Two magpies are fighting to the death outside Damon Beesley’s window. The violence is distracting him from the task in hand. “It’s just too much to ignore,” he tells Den of Geek, breaking off from an anecdote about the filming of new BBC football sitcom The First Team.
“Very Partridge that, by the way,” says his writing partner Iain Morris. “Super Partridge.”
Joining us on the call from LA, Morris doesn’t have to contend with magpies; he’s dealing with a more existential struggle. The idea for The First Team arrived in 2009. “A decade ago – oh God, I’m so old.” Back then, the pair were pondering their next move after the second season of The Inbetweeners, the E4 schoolboy comedy that grew into a massive hit and two successful movies.
Beesley and Morris had found a groove, they realised, “writing about male insecurity. That’s what drives a lot of the choices of the 16 to 18-year-old boys in The Inbetweeners.” Football felt like another arena to explore that, says Morris, whose chance encounter sitting next to a professional footballer on a long-haul flight planted the seed for the new show.
“We liked the insecurity not just of young people, but also of older players coming towards the end of their careers,” says Morris. “That’s the amazing thing about sport – at 35, you’re kind of lost. Whether you wanted to keep playing or not, you have to stop your career.”
That crisis is faced by captain Petey Brooks in The First Team. Played by Theo Barklem-Biggs, the character “rages against the dying of the light,” says Morris. Said rages find expression through frequent nudity and threats of violence towards his terrorised younger teammates.
Petey’s no mentor to the newly signed. One episode features a former teammate of his “bragging about their weird 90s hotel orgies to the younger players, and it just sounds horrific rather than lads-y banter or stories to be proud of,” says Beesley. “These elders are supposed to traditionally show you the way, but in our world, they’re not to be followed.”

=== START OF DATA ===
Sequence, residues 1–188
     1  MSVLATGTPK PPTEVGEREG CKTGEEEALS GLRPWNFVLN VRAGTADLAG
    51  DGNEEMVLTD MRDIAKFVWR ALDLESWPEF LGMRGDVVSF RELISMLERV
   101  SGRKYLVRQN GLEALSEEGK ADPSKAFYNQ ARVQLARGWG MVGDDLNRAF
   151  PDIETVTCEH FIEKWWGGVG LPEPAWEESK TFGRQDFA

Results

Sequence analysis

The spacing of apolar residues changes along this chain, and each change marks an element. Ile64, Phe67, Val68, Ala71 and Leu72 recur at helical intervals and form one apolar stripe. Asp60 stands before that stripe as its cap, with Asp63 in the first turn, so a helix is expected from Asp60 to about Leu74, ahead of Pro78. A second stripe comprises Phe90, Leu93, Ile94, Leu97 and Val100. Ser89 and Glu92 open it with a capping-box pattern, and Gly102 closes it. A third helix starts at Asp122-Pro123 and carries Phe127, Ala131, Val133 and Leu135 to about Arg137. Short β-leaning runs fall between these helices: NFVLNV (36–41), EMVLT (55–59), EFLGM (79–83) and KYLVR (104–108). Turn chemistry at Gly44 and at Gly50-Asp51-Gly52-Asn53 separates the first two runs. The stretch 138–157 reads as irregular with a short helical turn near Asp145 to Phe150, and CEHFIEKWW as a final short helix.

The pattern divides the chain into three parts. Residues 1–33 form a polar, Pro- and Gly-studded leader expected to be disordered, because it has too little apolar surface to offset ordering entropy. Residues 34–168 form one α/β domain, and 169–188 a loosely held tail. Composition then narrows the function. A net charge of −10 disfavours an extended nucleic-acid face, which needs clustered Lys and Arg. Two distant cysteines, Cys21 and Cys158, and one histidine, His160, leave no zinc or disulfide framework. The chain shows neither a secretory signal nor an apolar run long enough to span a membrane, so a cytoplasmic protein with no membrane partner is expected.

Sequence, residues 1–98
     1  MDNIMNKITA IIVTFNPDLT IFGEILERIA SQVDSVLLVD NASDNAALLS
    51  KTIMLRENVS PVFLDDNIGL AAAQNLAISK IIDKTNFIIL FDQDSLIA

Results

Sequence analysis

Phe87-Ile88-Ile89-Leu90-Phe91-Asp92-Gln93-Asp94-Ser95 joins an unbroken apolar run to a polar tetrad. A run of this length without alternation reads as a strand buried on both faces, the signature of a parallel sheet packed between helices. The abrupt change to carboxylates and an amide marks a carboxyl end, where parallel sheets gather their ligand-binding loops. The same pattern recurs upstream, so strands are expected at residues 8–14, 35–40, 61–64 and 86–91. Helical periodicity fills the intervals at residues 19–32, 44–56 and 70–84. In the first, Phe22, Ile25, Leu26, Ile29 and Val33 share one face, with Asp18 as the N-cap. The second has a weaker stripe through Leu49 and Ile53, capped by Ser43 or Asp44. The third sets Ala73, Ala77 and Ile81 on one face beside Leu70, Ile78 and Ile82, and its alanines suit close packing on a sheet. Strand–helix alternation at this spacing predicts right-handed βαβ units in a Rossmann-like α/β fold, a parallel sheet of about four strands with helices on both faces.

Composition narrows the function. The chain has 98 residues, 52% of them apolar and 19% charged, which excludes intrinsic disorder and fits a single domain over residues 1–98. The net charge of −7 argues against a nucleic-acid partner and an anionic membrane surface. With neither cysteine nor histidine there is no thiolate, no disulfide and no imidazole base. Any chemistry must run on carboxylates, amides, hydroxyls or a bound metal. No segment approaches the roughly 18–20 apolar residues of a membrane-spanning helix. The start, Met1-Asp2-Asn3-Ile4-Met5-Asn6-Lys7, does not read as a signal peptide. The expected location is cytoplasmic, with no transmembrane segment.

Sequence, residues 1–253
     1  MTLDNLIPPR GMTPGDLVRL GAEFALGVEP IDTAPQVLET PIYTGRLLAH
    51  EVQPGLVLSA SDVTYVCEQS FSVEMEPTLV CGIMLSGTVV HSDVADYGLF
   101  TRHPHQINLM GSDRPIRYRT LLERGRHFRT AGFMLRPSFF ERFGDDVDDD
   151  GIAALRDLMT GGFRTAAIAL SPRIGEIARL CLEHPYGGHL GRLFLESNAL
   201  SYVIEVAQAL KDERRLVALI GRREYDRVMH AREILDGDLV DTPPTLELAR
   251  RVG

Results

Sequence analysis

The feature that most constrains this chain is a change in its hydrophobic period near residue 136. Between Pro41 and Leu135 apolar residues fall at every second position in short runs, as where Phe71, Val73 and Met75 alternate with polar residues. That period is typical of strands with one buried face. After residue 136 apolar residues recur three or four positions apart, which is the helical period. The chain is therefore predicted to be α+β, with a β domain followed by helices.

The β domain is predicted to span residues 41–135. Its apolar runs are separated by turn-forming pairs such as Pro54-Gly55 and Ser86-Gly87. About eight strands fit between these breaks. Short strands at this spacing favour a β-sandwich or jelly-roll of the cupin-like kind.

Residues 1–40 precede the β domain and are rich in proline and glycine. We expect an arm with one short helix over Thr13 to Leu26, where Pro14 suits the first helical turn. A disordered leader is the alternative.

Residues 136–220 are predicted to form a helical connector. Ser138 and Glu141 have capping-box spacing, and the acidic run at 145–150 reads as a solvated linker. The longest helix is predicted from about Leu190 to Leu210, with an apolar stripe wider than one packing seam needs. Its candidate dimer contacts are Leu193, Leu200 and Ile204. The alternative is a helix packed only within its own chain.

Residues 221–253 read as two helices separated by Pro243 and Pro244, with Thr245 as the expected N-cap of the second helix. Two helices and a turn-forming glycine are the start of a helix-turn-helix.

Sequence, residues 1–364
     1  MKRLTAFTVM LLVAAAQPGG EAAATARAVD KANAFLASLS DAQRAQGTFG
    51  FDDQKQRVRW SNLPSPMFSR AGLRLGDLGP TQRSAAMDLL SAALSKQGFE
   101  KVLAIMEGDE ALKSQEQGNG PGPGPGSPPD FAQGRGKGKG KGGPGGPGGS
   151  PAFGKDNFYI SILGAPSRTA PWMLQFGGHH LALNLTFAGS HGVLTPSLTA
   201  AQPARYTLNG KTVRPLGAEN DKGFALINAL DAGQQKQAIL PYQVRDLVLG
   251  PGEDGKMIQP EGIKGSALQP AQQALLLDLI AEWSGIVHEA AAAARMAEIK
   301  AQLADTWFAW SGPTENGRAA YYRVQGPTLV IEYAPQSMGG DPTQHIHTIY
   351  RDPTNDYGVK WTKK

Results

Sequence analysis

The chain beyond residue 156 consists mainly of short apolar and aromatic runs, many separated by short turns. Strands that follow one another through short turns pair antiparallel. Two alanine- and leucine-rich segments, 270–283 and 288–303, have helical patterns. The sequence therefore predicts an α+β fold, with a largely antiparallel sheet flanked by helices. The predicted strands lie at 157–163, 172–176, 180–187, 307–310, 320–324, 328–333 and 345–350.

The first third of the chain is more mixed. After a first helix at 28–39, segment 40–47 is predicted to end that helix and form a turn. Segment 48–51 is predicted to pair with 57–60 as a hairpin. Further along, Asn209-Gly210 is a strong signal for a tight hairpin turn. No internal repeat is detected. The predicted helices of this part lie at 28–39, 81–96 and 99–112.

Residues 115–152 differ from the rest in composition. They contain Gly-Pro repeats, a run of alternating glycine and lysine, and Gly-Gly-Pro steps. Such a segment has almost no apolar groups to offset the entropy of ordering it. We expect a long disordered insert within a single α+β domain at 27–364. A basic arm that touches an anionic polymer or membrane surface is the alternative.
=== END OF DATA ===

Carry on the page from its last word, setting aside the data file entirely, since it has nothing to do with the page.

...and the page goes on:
“Petey’s coming apart at the seams,” Beesley continues. “He’s been a legend of the club and he’s being torn apart by the impending end of his career.” The character’s insecurity is down to the unstoppable progress of younger players rising through the ranks. “He sees everything as a threat to him. He’s very ‘toxic masculinity’ on the surface.”
“That was a new thing for us but it’s obvious now,” laughs Morris, noting an autobiographical parallel. “Writing about being a bit older and younger people coming in and replacing you? Wait a minute!”
Now in their mid-to-late forties, thanks to The Inbetweeners immortalising several of their toe-curling secondary school experiences on screen, Beesley and Morris will never really be able to shake off their teenage selves.
“We were not the coolest kids,” says Morris. “Well, obviously I was the coolest kid, Damon wasn’t,” he quips. “We weren’t the nerdiest kids either – Damon was the nerdiest kid – we were in that middle ground.” Hence the show’s title The Inbetweeners, inspired by the Cure song ‘In Between Days‘. Previous titles considered were Desperadoes, 1234, Legends and the unimprovable but tricky-to-market: Dickheads.
“It’s the same idea we’re looking for with these players, the idea of the middle ground, the people that are kind of in the public eye but more anonymous.” In The First Team, they’re Mattie, Benjy and Jack, a trio of newly signed footballers to a top-level team who rarely make the side, played by 20-somethings Jake Short, Shaquille Ali-Yebuah and Jack McMullen. “Three very nice young men,” Morris describes the actors, with a ring of proud aunt to his voice. The brilliant Chris Geere plays the team coach, with US star Will Arnett as the American chairman with no understanding of the game who calls fans ‘customers’.
The writer-directors have a different relationship with their cast this time around. “On The Inbetweeners, we were younger and had more time to muck around with the actors. I felt like these guys were my mates, my younger brothers. This time it felt a bit like being their dads,” says Morris. “They were having naughty little games behind our backs, which was fine by me but also… slightly killed me” he jokes. “There’s all sorts of stories [on set] that are alluded to and inside jokes that we just aren’t in, and it sort of breaks my heart, but I’m also glad because you can see they have a bond.”